An Oregon romance Novelist, Nancy Crampton-Brophy, has been arrested and charged with murder of her husband of 27 years, Daniel Brophy, who was found shot dead in his office.
In 2011, Nancy Crampton-Brophy published a how-to-do-it article on WordPress entitled, “How to Murder Your Husband.”
“As a romantic suspense writer, I spend a lot of time thinking about murder and, consequently, about police procedure,” the article began.
In June of this year, Crampton-Brophy’s own husband of 27 years, 63-year-old Daniel Brophy, was found shot to death at the Oregon Culinary Institute where he worked.
Three months later, Crampton-Brophy, 68, was arrested in connection with his death.
According to a criminal complaint from the Circuit Court of the State of Oregon, Crampton-Brophy has been charged with murder and the unlawful use of a weapon.
“Based on information learned during the investigation, detectives believe Nancy L. Crampton-Brophyis the suspect in Daniel C. Brophy’s murder,” a release from the Portland Police Bureau read.
Neither the release nor the criminal complaint stated a suspected motive.
CNN has reached out to Crampton-Brophy’s attorney for comment. Her next court appearance is scheduled for September 17.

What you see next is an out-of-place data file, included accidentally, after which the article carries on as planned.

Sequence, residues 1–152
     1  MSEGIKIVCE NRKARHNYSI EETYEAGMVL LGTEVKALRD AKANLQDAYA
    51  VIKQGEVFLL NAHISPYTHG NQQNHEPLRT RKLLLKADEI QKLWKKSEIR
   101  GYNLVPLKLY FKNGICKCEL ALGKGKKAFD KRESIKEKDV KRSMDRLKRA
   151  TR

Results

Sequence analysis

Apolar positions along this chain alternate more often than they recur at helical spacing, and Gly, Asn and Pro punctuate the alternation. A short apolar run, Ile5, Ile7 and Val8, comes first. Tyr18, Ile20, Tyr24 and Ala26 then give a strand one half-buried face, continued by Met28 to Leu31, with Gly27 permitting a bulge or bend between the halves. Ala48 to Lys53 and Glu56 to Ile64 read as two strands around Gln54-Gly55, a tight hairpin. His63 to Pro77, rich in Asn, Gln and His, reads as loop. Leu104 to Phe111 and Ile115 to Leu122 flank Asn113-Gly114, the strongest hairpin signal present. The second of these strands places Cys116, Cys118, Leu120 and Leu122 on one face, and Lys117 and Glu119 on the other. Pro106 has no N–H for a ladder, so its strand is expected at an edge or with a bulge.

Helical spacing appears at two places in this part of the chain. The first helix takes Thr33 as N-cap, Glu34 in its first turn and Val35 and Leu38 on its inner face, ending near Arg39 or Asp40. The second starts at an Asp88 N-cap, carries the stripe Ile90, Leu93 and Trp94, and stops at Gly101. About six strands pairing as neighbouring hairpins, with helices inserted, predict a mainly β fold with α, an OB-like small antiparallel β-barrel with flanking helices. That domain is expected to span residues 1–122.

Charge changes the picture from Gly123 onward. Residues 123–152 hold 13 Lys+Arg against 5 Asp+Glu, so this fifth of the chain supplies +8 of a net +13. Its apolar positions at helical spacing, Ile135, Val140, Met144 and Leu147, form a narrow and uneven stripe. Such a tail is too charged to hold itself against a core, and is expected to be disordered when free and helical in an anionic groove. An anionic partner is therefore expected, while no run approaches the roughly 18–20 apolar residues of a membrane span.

The steamy, sinful plots of Crampton-Brophy’s books, along with her on-the-nose treatise about spousal homicide, add a bizarre twist to the case.
The “How to” essay was published on a blog called “See Jane Publish.” The blog has since been made private, but The Oregonian reports the glib, 700-word write was split into sections detailing the pros and cons of husband homicide.
“Divorce is expensive, and do you really want to split your possessions?” Brophy reportedly wrote.
Among her many works, Brophy published a series of books with the tagline, “Wrong Never Felt So Right.” They include tales of attempted murder, infidelity, crime and general debauchery — all common themes for romantic suspense novels.
“Writers are liars,” Brophy says in a bio on her author website.
“I don’t remember who said that but it’s not true. In writing fiction, you dig deep and unearth portions of your own life that you’ve long forgotten or had purposely buried deep. Granted, sometimes it is smarter to change the ending. ”